Arab Strap and Xylouris White @ The Forum Theatre, Melbourne, Friday 3 June
All images by Ian Laidlaw

On support duty, Xylouris White – one of Rising Festival’s artists in residence, Jim White, plus Cretan laouto (lute) player/singer Giorgos Xylouris – lock into ever-shifting grooves and conjure sounds that make us suspect they’re communicating with ancestral spirits. Sometimes, the duo’s music reflects stumbling upon a shimmering desert mirage. At other times, Xylouris White sound like they’re busily exorcising demons.

You’d be hard-pressed to find a drummer who brandishes mallets with more effortless flair than White, and Xylouris makes his lute rock (weird, but true)! Their unique take on traditional Greek folk perfectly suits the Forum’s interior – with its busts of classic Greek and Roman statues and star-dusted, cerulean-blue fake-sky – and we reckon they’d be a shoo-in for house band (if such a thing existed). The virtuosic duo egg each other on, constantly testing tempo boundaries. Xylouris White’s non-verbal cues and the synergy of their playing is next-level.

Composite image of two men playing drums and lute respectively on stage

Jim White and Giorgos Xylouris of Xylouris White on stage @ The Forum Theatre

During interval, we notice beards aplenty in the house, and wouldn’t be at all surprised if the bars run out of whisky throughout the course of the evening.

This is the first time Arab Strap – vocalist Aidan Moffat and multi-instrumentalist Malcolm Middleton – have performed here with a full band. They last toured Australia in duo mode over 20 years ago, and the audience anticipation crackles.

“I don’t give a f-ck about the past/ Our glory days gone by/ All I care about right now/ Is that wee mole inside your thigh…” – Arab Strap open proceedings with The Turning of Our Bones (the lead single from 2021’s incredible As Days Get Dark record – the pair’s first in 16 years), which was inspired by a Madagascan ritual wherein mourners dance with the corpses of loved ones.

Moffat’s Scottish brogue is alluring beyond belief, and we could listen to him speak-sing the word “scrutinise” on loop aaaaall night. “It’s so great to be here to celebrate the Queen’s Jubilee with you!” – he’s most certainly a funny bastard as well. Moffat even admits he embraced the long-haul flight over, because not having to talk to anyone for 22 hours straight was pure bliss. He then offers to return any time: “How ‘bout next week?”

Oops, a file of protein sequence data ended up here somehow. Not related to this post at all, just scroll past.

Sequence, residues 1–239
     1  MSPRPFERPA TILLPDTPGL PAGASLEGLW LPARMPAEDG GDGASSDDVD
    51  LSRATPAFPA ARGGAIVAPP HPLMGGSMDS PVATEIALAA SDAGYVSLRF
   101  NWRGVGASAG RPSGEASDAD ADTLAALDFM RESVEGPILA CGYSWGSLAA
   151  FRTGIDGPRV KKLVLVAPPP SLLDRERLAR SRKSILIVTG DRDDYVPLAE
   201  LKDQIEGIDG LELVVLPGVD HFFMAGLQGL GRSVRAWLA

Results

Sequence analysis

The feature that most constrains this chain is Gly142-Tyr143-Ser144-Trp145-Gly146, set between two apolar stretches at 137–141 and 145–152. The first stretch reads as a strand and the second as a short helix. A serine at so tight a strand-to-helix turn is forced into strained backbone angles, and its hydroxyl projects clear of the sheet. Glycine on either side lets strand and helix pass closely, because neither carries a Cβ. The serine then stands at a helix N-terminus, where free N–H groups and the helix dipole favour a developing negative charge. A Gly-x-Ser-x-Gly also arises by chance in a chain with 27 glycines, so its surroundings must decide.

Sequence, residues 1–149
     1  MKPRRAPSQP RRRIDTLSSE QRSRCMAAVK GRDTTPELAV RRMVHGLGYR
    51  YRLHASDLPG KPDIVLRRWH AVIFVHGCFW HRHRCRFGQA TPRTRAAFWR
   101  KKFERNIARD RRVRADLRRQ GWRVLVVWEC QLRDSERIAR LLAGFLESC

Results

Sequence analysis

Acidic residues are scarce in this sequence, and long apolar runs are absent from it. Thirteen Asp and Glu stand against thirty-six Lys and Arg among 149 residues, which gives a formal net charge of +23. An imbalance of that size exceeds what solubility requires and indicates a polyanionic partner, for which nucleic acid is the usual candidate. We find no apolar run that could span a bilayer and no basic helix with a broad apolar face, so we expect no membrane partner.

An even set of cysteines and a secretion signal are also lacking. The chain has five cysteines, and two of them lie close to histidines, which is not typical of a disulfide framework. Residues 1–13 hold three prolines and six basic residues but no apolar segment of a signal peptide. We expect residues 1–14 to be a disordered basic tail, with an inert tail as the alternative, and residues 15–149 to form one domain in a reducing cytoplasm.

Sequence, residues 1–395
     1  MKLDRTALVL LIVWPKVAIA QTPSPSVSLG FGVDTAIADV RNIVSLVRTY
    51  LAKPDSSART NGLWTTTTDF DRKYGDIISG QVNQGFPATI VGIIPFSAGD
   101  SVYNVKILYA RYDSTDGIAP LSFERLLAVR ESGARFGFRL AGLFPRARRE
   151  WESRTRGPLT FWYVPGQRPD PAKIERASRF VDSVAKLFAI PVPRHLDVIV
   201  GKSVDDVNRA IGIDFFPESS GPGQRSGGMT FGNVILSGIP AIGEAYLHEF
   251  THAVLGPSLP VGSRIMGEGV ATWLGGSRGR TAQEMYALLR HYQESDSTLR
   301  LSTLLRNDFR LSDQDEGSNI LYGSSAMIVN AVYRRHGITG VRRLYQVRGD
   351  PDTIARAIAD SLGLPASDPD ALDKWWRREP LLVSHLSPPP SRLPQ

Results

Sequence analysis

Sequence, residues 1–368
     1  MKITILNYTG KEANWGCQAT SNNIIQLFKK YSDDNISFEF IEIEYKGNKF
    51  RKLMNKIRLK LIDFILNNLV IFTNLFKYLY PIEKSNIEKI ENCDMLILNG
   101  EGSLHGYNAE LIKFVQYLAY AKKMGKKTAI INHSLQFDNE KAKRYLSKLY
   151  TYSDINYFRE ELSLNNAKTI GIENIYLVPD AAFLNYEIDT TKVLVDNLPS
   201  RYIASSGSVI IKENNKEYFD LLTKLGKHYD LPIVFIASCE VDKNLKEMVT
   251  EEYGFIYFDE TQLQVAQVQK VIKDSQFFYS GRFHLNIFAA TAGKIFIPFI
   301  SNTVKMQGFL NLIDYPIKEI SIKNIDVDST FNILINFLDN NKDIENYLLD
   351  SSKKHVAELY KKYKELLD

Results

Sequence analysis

Girls Of Summer’s keys-led, rave-up outro is wonderfully complemented by every-colour-of-the-rainbow lighting and transfixing strobes. This all prompts a sizzle reel of raving highlights to shuffle through our thoughts. “We have seen all the ways our earthly bodies work/ Their successes and their failures, every kink and quirk” – Moffat’s surly delivery, both captivating and amusing, is underscored by curly riffs and skittish beats throughout the dancefloor meditation of Compersion, Pt. 1.

After a couple of identical false starts, a wee bit into Here Comes Comus!, Moffat blames “the machines”. Third time lucky, Arab Strap pass the glitchy mark and the crowd cheers, punching victorious fists skyward: “Just take a sip, just take a hit/ You can’t refuse, the fuse is lit/ It’s not a game you’ll win, but how you love to play.” At song’s conclusion, Moffat endearingly confesses, “I just realised during the song that those two f-ck-ups were my fault!”

A welcome re-run of aforementioned raving-highlights sizzle reel once again invades our thoughts, as heads nod vigorously along with set highlight The First Big Weekend: “Went out for the weekend and it lasted forever/ High with our friends, it’s officially summer.”

“What would you call the opposite of a comedian? Whatever it is, that’s what I wanted to be,” Moffat shares during the devastating Tears on Tour, which chronicles his debilitating grief upon learning – on two separate occasions – that one of his grandparents had died while Arab Strap were away touring. This tender song also celebrates emotional expression: there’s no shame in public “blubbering,” even (especially!) if you’re a geezer.

But Arab Strap’s songs of human fallibility are also just as likely to be about way less esoteric matters, such as “a lack of shagging.” Moffat’s captivating storytelling, which twinkles with inventive rhyming (“moanin’”, “serotonin”), peels back multi-faceted details surrounding the often-sordid minutiae of everyday life.

Man standing on stage singing into a microphone

Aidan Moffat of Arab Strap on stage @ The Forum Theatre

Arab Strap teased their latest comeback by announcing they were “back from the grave and ready to rave.” And what better way to describe exactly where we find ourselves at this particular point in history?

Only Moffat and multi-instrumentalist Malcolm Middleton – Arab Strap’s masterminds – return to the stage for a victorious two-song encore. Utilising just voice and guitar, the worlds within these songs – the cocksure Packs of Three (“She was the best shag I’d ever had”) and about-face The Shy Retirer – crystallise as we hang on Moffat’s every intention-loaded syllable.

Discover Arab Strap at JB Hi-Fi.